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The Latest | Mexico votes in historic elections marred by cartel violence and deep division

The Latest | Mexico votes in historic elections marred by cartel violence and deep division

  • PublishedJune 2, 2024

Mexicans vote Sunday in historic elections weighing gender, democracy and populism, as they chart the country’s path forward shadowed by cartel violence.

With two women leading the contest, Mexico will likely elect its first female president — a major step in a country long marked by its macho culture. The election is also the biggest in the country’s history. More than 20,000 congressional and local positions are up for grabs, according to the National Electoral Institute.

Claudia Sheinbaum, the former mayor of Mexico City, has maintained a comfortable double-digit lead in opinion polls for months. Xóchitl Gálvez, an opposition senator and tech entrepreneur, represents a coalition of parties that have had little historically to unite them other than their recent opposition to outgoing President Andrés Manuel López Obrador.

Mexico goes into Sunday’s election deeply divided: Friends and relatives no longer talk politics for fear of worsening unbridgeable divides, while drug cartels have split the country into a patchwork quilt of warring fiefdoms. The atmosphere is literally heating up with a wave of unusual heat, drought, pollution and political violence.


— More populist policies or tougher fight with cartels? Mexicans weigh choice as they pick new leader.

— Mexico’s drug cartels and gangs appear to be playing a wider role in Sunday’s elections than before.

— Mexicans choose between continuity and change in election overshadowed by violence.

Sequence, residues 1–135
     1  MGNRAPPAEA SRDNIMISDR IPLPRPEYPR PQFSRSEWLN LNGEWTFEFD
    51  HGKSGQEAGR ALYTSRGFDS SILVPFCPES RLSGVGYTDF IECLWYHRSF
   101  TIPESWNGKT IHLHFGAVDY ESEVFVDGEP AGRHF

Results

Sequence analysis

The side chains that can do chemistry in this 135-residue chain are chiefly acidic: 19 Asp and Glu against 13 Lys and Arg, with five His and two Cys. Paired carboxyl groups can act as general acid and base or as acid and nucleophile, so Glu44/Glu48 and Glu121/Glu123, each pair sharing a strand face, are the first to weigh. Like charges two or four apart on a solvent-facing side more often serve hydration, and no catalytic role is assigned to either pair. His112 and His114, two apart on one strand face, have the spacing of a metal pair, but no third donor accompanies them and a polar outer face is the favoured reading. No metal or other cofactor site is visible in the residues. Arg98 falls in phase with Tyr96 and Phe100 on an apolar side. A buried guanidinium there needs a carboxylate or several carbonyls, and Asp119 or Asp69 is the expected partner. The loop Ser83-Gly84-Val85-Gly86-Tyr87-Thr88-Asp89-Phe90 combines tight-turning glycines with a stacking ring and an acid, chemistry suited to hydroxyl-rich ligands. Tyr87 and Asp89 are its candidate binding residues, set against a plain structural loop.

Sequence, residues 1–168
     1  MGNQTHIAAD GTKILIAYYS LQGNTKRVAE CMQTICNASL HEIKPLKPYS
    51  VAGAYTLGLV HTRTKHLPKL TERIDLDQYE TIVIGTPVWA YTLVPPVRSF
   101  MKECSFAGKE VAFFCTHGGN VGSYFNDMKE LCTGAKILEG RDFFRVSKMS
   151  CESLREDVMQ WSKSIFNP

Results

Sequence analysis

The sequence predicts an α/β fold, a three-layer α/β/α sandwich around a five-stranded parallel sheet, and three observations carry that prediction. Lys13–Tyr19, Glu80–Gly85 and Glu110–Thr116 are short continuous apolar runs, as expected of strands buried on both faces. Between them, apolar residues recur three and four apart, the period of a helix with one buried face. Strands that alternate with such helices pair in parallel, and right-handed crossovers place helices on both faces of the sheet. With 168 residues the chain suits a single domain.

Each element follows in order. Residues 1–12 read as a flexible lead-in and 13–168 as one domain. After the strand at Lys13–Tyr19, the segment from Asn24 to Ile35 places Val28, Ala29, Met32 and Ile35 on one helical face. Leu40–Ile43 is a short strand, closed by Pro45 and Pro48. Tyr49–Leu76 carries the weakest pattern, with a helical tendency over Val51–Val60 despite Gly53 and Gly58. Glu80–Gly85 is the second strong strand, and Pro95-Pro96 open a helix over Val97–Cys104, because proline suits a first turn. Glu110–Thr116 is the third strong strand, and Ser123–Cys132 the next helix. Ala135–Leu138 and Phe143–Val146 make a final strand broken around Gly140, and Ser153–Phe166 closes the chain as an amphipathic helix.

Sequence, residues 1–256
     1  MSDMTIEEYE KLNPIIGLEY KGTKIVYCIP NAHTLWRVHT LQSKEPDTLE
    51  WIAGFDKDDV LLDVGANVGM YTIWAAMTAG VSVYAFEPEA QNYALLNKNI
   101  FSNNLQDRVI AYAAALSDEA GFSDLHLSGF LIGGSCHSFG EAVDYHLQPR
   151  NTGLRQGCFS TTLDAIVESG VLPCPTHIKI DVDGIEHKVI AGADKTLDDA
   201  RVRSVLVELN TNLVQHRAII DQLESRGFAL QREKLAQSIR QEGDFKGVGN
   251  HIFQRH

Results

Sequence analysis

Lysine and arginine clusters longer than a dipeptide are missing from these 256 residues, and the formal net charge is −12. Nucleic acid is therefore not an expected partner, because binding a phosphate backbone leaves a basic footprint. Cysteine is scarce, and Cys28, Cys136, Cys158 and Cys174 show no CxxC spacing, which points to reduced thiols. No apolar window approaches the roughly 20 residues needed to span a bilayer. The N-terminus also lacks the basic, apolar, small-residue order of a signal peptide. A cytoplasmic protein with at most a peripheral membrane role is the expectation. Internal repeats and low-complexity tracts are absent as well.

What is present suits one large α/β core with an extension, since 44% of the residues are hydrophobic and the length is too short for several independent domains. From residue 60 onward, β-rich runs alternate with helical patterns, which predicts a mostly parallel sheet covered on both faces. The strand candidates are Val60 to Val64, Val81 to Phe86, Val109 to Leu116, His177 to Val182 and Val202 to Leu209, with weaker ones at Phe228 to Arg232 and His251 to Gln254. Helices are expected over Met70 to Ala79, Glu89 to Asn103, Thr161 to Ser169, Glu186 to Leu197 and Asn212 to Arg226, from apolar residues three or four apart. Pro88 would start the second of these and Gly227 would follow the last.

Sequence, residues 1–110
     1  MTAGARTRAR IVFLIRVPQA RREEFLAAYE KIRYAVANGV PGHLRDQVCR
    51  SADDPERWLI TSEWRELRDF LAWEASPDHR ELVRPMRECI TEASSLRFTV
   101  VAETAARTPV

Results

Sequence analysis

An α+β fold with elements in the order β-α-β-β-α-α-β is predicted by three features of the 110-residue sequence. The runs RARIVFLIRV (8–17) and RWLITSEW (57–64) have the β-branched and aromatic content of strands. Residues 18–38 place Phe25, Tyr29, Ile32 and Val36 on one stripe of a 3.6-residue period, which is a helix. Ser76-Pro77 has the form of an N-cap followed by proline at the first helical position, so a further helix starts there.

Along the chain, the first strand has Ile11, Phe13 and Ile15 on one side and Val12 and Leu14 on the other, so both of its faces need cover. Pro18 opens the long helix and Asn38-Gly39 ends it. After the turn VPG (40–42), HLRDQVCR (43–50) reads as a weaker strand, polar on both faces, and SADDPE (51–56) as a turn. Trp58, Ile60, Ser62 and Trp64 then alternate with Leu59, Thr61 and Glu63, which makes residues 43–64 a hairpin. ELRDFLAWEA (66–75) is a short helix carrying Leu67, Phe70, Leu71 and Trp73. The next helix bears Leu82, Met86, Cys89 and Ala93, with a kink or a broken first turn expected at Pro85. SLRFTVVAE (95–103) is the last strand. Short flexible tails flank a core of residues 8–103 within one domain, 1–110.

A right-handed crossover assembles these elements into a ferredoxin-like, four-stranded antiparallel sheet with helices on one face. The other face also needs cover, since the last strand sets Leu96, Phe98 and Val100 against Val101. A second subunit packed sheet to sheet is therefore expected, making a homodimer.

— Violence clouds the last day of campaigning for Mexico’s election.

Follow AP election coverage around the world at

Here’s the latest in Mexico’s election:


MEXICO CITY — Thousands of Mexican stores are advertising offers of free goods for customers who come in Sunday and show ink on their finger, a security measure to prevent anyone from voting twice.

The offers are intended to encourage voting.

Some outlets in the nation’s largest convenience store chain, Oxxo, are offering voters a free cup of coffee. The national restaurant chamber said some members will be offering discounts on food or beverage as well.


MEXICO CITY — Mexico’s once-autonomous National Human Rights Commission issued an unusual statement criticizing electoral authorities.

The commission, which has largely followed and supported the policies of outgoing President Andrés Manuel López Obrador, claimed on Saturday electoral authorities have not acted forcefully enough against “slander,” a term frequently used by López Obrador in reaction to any criticism.

Elections in Mexico are run by the independent National Electoral Institute, and the commission is supposed to have no role in the process.

Copyright 2024 The Associated Press. All rights reserved. This material may not be published, broadcast, rewritten or redistributed without permission.

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